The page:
China puts missile bases on disputed South China Sea islands, analysts say — Radio Free Asia

A newly emerged satellite image shows a Chinese air defense facility in the Paracel Islands, which analysts say means the People’s Liberation Army now has surface-to-air missiles at the ready permanently in both disputed archipelagos in the South China Sea.

The Paracel Islands, or Xisha Islands in Chinese, are claimed by China, Vietnam and Taiwan, but have been fully occupied by Beijing since 1974, after the Chinese navy defeated the then-South Vietnamese navy in a brief but bloody naval battle.

China also occupies some of the Spratly Islands (Nansha Islands in Chinese), which are claimed by some other neighboring countries such as Malaysia, the Philippines and Vietnam.

ONE satellite image of what appears to be a newly built but completed missile battalion at Woody Island within the Paracel group has surfaced this week on Twitter.

The photo – credited to Maxar Technologies, a space technology company, and reportedly taken last April – shows four buildings with retractable roofs at a site on Woody (Yongxing in Chinese), the largest of the Paracel Islands in the South China Sea.

One of the buildings has its roof partially open, revealing what appear to be surface-to-air missile (SAM) launch pads inside.

ImageSat International, a space intelligence firm, first detected the appearance, removal and reappearance of HQ-9 SAM missiles on Woody Island in 2016.

But the new satellite image, which the RFA could not independently verify, shows that the PLA has completed the construction of an air defense base similar to those on the three artificial islands that it has fully militarized.

Similar structures with retractable roofs were discovered on the Subi, Mischief and Fiery Cross reefs, part of the Spratly Islands in the South China Sea, wrote Tom Shugart, Adjunct Senior Fellow at the Center for a New American Security Twitter.

They are permanent facilities that can house long-range missile batteries that would extend China’s reach into disputed areas.

Militarized artificial islands

In October, a Getty Images photographer was granted access to flights near a series of reefs and rocks that China has reclaimed and turned into military bases.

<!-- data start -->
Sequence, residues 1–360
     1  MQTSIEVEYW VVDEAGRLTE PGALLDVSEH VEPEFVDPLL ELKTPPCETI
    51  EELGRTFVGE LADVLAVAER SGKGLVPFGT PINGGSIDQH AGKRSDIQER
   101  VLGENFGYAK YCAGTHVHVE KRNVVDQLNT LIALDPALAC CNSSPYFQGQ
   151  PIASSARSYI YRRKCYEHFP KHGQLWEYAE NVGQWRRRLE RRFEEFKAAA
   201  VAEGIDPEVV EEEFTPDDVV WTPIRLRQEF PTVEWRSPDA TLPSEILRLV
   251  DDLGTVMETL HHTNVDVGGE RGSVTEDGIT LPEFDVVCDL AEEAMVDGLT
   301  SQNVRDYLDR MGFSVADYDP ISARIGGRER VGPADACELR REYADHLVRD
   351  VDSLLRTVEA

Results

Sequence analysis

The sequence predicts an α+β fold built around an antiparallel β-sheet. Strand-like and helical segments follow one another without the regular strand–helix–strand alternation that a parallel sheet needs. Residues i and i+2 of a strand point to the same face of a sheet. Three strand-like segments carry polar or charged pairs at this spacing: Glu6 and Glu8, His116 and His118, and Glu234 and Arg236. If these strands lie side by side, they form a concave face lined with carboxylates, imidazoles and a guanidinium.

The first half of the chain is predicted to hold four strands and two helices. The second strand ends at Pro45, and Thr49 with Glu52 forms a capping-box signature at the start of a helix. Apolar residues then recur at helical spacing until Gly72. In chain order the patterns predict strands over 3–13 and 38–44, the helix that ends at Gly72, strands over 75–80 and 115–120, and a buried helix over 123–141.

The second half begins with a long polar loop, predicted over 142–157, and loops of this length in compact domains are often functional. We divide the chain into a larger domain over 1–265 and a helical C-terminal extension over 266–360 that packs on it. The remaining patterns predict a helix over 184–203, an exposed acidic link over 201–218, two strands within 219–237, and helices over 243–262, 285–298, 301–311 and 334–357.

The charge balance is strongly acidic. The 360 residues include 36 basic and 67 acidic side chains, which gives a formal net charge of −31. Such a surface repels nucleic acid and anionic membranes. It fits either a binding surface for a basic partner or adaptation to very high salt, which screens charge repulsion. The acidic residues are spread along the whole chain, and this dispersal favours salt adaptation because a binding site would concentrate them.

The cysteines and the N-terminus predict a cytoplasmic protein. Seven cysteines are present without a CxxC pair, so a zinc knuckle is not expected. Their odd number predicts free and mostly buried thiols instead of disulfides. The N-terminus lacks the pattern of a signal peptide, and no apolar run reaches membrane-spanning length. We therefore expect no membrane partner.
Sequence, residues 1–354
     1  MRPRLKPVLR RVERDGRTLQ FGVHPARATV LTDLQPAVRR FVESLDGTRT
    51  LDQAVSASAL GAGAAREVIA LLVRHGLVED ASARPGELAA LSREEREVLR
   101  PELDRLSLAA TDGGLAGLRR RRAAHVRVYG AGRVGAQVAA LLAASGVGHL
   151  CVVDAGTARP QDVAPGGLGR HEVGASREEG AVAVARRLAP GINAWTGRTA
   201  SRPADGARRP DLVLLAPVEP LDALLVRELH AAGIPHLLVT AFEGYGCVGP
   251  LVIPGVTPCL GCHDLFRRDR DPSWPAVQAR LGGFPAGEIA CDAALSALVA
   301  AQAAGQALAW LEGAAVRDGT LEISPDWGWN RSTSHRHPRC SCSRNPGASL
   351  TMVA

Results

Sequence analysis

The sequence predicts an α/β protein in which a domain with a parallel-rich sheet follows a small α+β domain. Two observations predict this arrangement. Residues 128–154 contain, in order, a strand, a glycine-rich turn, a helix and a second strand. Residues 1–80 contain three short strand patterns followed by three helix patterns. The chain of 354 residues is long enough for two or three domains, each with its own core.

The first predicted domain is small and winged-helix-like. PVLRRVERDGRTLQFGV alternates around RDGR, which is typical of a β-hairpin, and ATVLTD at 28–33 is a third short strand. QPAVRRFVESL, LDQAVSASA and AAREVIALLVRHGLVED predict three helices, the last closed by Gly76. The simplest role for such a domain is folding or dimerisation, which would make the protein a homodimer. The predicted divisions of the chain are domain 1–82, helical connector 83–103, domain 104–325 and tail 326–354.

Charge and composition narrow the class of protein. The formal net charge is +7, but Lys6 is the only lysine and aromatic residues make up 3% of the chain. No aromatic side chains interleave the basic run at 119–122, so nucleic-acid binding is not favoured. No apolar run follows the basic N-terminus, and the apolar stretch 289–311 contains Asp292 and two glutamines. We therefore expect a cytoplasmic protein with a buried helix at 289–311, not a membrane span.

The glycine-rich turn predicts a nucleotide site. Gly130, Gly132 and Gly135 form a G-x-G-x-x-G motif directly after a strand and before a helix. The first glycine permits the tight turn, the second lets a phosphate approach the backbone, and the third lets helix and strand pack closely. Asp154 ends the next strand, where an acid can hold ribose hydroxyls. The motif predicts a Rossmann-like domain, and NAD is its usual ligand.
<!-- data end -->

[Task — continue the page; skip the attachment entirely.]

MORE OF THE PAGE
His images provide extensive detail of People’s Liberation Army (PLA) structures in the Spratly archipelago.

But until now, the extent of militarization in the Paracels has not been fully documented, as foreign journalists are not permitted to access the archipelago, which China occupies in its entirety.

Woody Island.jpg
A Dec. 14, 2020 satellite image of Woody Island, where China was carrying out construction work. Credit: Planet Labs Inc.

Some analysts said the alleged missile base at Woody Island is consistent with their research.

“The PLA has maintained air defense capabilities at Woody Island for many years,” said Zoe Haver, an analyst at cybersecurity firm Recorded Future.

“Some of these capabilities likely fall under a Woody Island-based battalion of unit 92155, which is very likely an air defense brigade within the naval aviation branch of the PLA Navy,” Haver told RFA.

The analyst who had done intensive research on China’s developments in the Paracels, said unit 92155 “very likely performing air defense duties on Woody Island.”

The Chinese HQ-9 SAM system has an operational range of 200 kilometers (124 miles) at high altitude and can pose a serious threat to military and civilian air traffic.

Woody Island is the largest natural land area claimed by China in the South China Sea.

The island serves as the headquarters for Sansha City, which China established in 2012 to administer all the islands it claims in the South China Sea and their surrounding waters – although these are areas contested by several other governments in the region.

William

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